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Hand Quality

October 9th, 2015 by LD1977
Many factors influence our decision to play a quality hand. (Image:

Many factors influence our decision to play a quality hand. (Image:

Quality/playability of a two-card starting hand in No Limit Hold’em depends on:

  • Hand strength (card value/equity)
  • Speculative value (flopability)
  • Position
  • Previous action in the hand

Hand Strength

This is raw equity against random hands. Without consideration of any other factors (this happens in the case of preflop all in*), it shows how powerful the hand is on its own merit.

*Very important in tournaments. Tournament players need to have a clear idea of hand strengths (vs opponent’s ranges as observed or seen in an HUD) because in a lot of situations there is the possibility of preflop stack off. Generally, it is best to pick spots where opponents’ starting range is wide and our hand has a decent stack of equity.

Hand strength can be seen in equity calculators via moving the VPIP indicator. Moving it to the right until we “hit” the desired hand gives us information on its relative value.

T7o is ranked exactly at 50th percentile (based on raw strength)

It is also possible to find any group of hands. Usually, we are most interested in finding out which hands are the top X% in strength, but we can play around to see different ranges.

“Middling” hands (T7o and friends)

“Middling” hands (T7o and friends)

The best hand is AA, worst is 32o. It is widely known that 72o is the worst starting hand in poker, but this is actually due to a combination of poor hand strength (2nd worst after 32o) and poor flopability: it is the weakest hand that is both unsuited and unable to make a 2-card straight.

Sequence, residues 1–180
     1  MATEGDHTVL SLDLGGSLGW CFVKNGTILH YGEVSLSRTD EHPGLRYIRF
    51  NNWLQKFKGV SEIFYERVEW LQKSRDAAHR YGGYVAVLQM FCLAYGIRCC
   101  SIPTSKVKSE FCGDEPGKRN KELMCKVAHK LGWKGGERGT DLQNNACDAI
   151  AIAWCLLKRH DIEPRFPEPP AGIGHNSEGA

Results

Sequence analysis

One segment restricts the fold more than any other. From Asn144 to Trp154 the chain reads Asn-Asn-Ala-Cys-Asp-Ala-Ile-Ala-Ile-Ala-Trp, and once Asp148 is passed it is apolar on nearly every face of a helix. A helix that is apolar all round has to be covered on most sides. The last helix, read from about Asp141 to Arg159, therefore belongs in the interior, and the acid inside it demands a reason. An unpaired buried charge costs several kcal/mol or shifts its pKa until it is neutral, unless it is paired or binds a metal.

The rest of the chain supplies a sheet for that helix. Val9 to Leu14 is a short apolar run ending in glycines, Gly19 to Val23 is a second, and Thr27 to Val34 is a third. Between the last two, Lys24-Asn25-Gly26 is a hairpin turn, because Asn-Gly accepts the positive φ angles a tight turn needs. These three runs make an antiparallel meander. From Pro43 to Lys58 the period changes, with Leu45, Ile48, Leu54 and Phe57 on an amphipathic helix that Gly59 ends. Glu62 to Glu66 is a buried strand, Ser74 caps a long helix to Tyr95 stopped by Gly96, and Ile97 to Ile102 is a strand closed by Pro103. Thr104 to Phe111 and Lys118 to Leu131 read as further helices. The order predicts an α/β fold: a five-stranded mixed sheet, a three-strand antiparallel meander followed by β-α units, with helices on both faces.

Hands with good hand strength don’t rely on a position as much as pure speculative hands (although it always helps).


Most of the time we do not hold a hand with large equity advantage against the field, so we need to consider how often it will get improved on the flop. This is called speculative value of the hand (I call it flopability because it is shorter).

With a hand with low hand strength but good flopability, we are normally looking to flop 2 pairs or better or a good draw (ideally some type of combo draw).

At this point it is enough to list some generic percentages (I will go into detail in another article):

  • Any pair has 11.8% chance to hit a set+ on the flop. This does not include trips on board, where you technically do have a full house, but it is fairly weak.
  • Any non-paired hand has 32.4% chance to hit a pair or better. This breaks down to 29% chance to flop a pair, 2% two pair (both cards paired), 1.3% trips, 0.1% full house or quads.
  • Any suited hand has only 0.8% chance to hit a flush but 10.9% to hit a flush draw.

For weak, speculative hands, position is very important, since the hand has to pay for itself when it does hit (when it doesn’t, we will most often lose the hand) and for value extraction, we need position.


It is always significantly more profitable to have a position on the opponents.